Tales of Uganda’s Bule Island

Bule Island

Perhaps I should mention that I’m attracted to terrifying, mysterious, precarious things. THINGS, not people. I’ve also narrowed it down recently to places. And islands are some of them. Once, when I’d just left a very serene island, (Bussi Island), my boat guy was arrested for attempted murder and robbery. The other time, when I was at an island somewhere in Mayuge district, Uganda, I was told that sometimes, they hide dead bodies among passengers on the boats. But once you love travel, it doesn’t matter what comes with it. And somehow, islands keep luring me.

So this one time I’m in Kampala, bored to death. A friend is visiting from Muenster, Germany, and she wants to go somewhere quiet. We decide to go for a boat ride. We head down to Gaba and look at the boats. If you’ve been to that landing site, then you know that it proliferates the hygiene issues of Kampala. So to escape from it all, we grab the next boat heading to where? None of us knows. Later I learn that our destination is Bule Island, and it’s only twenty minutes away from Gaba. It costs only 2k on the boat. Cargo, set. Passengers, set. These identification jackets they like to call life jackets, set. My friend Johanna has her camera, I have my phone and we both have a few notes in our pockets. It’s supposed to be a random getaway, stress-free and baggage-free.

The beauty of travelling on a small boat is that you feel the waves as they sway the little boat around, and you can touch the water as the boat sprints forward. As the engine growls, Gabba and Kampala slowly recede to our backs. It’s always refreshing to go away. To leave a piece of you behind but take most of you on a journey, even if it’s to an unfamiliar island, where you know no one and nothing.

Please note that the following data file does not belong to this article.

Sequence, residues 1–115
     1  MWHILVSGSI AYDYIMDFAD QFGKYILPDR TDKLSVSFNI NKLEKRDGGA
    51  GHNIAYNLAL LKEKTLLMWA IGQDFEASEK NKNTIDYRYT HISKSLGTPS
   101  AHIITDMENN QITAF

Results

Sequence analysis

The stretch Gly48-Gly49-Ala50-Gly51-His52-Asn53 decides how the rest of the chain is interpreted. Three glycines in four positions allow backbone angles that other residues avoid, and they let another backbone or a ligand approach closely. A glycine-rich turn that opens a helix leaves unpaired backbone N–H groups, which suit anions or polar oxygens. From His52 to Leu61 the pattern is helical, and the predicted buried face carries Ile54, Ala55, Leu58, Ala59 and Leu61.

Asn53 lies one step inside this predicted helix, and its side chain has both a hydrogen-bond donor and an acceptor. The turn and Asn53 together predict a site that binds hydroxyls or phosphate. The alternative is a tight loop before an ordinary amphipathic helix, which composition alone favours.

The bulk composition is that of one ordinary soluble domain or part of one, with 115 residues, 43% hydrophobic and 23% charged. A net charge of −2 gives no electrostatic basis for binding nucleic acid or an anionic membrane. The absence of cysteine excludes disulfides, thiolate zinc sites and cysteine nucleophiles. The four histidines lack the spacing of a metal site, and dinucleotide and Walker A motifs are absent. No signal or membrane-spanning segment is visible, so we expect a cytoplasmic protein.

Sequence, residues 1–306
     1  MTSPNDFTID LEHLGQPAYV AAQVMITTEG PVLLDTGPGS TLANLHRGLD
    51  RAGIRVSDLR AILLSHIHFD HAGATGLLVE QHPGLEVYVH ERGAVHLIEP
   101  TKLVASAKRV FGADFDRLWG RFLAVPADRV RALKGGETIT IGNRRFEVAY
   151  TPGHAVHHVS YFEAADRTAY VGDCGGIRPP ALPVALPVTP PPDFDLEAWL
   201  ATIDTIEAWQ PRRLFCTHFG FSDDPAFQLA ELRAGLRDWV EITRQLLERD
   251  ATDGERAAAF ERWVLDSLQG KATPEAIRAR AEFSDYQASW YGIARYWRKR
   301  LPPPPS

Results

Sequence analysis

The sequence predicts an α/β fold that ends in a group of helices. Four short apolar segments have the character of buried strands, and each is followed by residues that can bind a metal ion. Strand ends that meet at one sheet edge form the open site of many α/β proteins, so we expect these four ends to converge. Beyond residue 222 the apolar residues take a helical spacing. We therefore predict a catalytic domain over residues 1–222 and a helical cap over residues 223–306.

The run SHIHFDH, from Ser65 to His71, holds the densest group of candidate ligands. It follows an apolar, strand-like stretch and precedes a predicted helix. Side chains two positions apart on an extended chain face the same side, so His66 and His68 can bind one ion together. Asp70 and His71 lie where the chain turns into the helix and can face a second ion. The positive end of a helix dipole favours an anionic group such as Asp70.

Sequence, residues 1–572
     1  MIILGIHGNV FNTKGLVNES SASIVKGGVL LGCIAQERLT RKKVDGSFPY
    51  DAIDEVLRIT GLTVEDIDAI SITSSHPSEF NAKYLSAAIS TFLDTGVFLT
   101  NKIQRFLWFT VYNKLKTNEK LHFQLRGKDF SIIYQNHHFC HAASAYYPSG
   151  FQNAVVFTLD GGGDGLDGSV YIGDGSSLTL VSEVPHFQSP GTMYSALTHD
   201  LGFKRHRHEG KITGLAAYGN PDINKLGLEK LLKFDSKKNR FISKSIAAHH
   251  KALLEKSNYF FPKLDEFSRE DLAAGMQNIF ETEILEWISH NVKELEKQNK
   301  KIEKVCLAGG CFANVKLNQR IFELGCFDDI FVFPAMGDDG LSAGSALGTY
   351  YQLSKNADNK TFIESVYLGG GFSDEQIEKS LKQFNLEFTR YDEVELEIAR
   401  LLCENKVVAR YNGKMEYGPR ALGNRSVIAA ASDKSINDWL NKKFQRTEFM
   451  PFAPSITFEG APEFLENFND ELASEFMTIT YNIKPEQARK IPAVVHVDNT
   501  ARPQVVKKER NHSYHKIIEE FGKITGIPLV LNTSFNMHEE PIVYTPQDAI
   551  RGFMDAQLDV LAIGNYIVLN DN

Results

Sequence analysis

Twenty minutes later, we arrive at Bule. It feels like very far away. The breeze is much cooler, the air much fresher. Even the trees are greener.

We get ourselves a boda guy (motorbike taxi) and we tell him we just want to take a ride across the village, probably stop somewhere cool for a bit, at a hotel or campsite that he knows, and come back later in the evening. He smiles. This is very easy, he says. How much does he want? We ask. He thinks it through. Twenty thousand shillings, he finally says. It’s a deal.

When the bike races up the hilly island, it feels strangely familiar. Like that forest back home where I’ve taken a walk before. Like that place on the many islands I’ve been to where clean air enters your lungs and makes all things new. I feel new. I feel at home. Our guide knows we want to see the village so he rides quite slowly and we take the freshness in every step of the way.

The guy (whose name I honestly don’t remember) takes us to a few campsites we don’t like.  Then he takes us to a magnificent hotel (given that it’s hidden away on a remote island) and we love what we see. Lake Heights Hotel, the sign reads. We ask if our guide wants to go and come back for us later but he brushes us off. He’d rather wait for us. He’d also like to rest. Who are we to say no? So we all go up to the reception and tour the place. We discover how expensive it is, given that their cheapest room is UGX 300.000 (about $85). We decide to sit in their gardens and enjoy the view because it’s absolutely irresistible. The lake, on the other side, has calmed down. We sit and bask in the final splendour of the day. There’s simply no better feeling.